By Tracy R. Twyman
Originally written for Dagobert’s Revenge Magazine, Copyright 2001
(Does not necessarily represent author’s current viewpoint.)
For the past year and a half or so, there has been no escaping The Da Vinci Code, the publishing phenomenon second now only to the Bible in book sales (and the paperback isn’t even out yet). Although the success of The Da Vinci Code has spread to author Dan Brown’s two previous novels, Angels & Demons and Digital Fortress, most everyone seems to agree that it is not the author’s storytelling craft which has caused the wildfire of The Da Vinci Code to catch on, but the ideas upon which it is based. The novel is predicated upon the same two premises which served as the foundation for another publishing phenomenon, 1982′s nonfiction bestseller Holy Blood, Holy Grail, by Michael Baigent, Richard Leigh and Henry Lincoln.The first premise is that Jesus Christ was married to Mary Magdalene, and with her spawned a child. This child was purportedly raised in Gaul, and was married into a local family that eventually provided the first line of Frankish kings, the Merovingians. It is this bloodline which, the theory asserts, is what the symbol of the legendary “Holy Grail” really stands for. This royal line is officially thought to have died out in the seventh century. However, the second premise upon which both Holy Blood, Holy Grail and The Da Vinci Code are based states that this bloodline — the “sacred Grail bloodline of Jesus” — was purportedly preserved in exile, and that its interests have been represented, since the eleventh century, by an organization called the Priory of Zion, or the Priory of Sion. This secret society credits itself with having chartered the Knights Templar, and with having secretly shaped the politics of Europe for almost a millennium.
The Priory of Sion first began publicizing itself, in modern times, at least, in 1956, when an explosion of written material regarding the Priory, the Templars, and the Merovingians appeared in France. The majority of this material appears to have originated from the same group of people — although credited to divergent and supposedly unrelated authors. Most of these authors appeared to have “inside knowledge” of the Priory’s secrets, and this information was leaked systematically through tantalizing tidbits that served to whet the reader’s appetite, and increase the aura of mystery surrounding the whole affair. In short, it appeared to be “propaganda” which promoted the subject of the Holy Grail and the Merovingian monarchy on the part of this shadowy organization.
According to the “Priory documents,” the Priory of Sion was originally founded as the “Ordre de Sion” in the late eleventh century with the purpose of preserving, supporting, and eventually restoring the Merovingian bloodline to the throne of France. But more than that, they considered the Merovingians to be eligible for many other thrones throughout Europe, as well as that of Jerusalem. This is by virtue of the fact that the Merovingians passed their divine lineage on, though dynastic intermarriage, to most of Europe’s leading royal and noble houses, and most especially to a certain few, including the lines of Blanchefort, Gisors, Saint-Clair/Sinclair, Plantard, Hapsburg, and Lorraine. Indeed, at the time of Sion’s founding in 1090, a Merovingian descendant controlled the Holy Roman Empire, and other Merovingian descendants held the thrones of its member states. In 1095, the Empire launched the First Crusade to capture Jerusalem for Europe, and in 1099 Godfroi de Bouillon passed the seat onto his brother Baudouin I, who is historically credited with having negotiated the constitution of the Knights Templar in 1117, and granting them headquarters on the Temple Mount. The “Priory documents” state that the Templars were actually founded by the Ordre de Sion six years earlier, in 1111, and that Baudouin was working on their behalf.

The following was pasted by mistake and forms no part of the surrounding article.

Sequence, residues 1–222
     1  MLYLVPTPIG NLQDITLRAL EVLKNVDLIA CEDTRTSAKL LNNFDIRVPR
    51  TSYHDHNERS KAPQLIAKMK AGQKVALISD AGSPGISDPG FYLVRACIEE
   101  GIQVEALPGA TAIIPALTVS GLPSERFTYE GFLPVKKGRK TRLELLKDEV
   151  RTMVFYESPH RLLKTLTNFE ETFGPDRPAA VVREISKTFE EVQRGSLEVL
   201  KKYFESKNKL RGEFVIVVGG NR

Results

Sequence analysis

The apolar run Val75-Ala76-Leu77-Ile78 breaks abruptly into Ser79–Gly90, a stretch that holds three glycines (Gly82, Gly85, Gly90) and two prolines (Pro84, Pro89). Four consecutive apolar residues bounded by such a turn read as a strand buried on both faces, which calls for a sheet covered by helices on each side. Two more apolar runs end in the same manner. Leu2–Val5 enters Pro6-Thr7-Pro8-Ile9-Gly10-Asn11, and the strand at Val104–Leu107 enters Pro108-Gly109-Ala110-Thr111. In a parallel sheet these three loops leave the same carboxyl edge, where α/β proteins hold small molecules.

The authors of Holy Blood, Holy Grail found that there was in fact an Ordre de Sion which resided in Jerusalem at least as early as the turn of the twelfth century — a mere ten years after the supposed foundation of Sion, according to the documents, in 1090. Furthermore, their headquarters was the Abbey of Notre Dame du Mont Sion, an Abbey founded by Godfroi de Bouillon. The authors also found evidence that the historical Ordre de Sion had connections to the Templars, including charters bearing the signature of Templar founding member Hughes de Payen, along with those of known members of Sion. Even more convincing, the list of Templar Grand Masters included in Secret Dossiers was even more complete and correct than any previously published list, again as if drawn from “inside information,” and the authors believed that the given founding date of 1111 is more credible than the traditional Templar founding date of 1117.
Baigent, et. al. then discovered further evidence that the group which eventually became the Ordre de Sion had a hand in starting the Crusades in the first place. This group consisted of monks from the Southern Italian region of Calabria who in 1070 migrated to the Ardennes forest, then owned by Godfroi de Bouillon. This same group is mentioned in the “Priory documents” as having been led by the Merovingian “Prince Ursus” (a.k.a. Dagobert II’s descendant, Sigisbert VI). But then in 1108 they vanished completely, and nobody knows where they went. Holy Blood, Holy Grail, however, speculates that they may have followed Godfroi de Bouillon on his crusade to the Holy Land, where “he is known to have been accompanied by an entourage of anonymous figures who acted as advisors and administrators.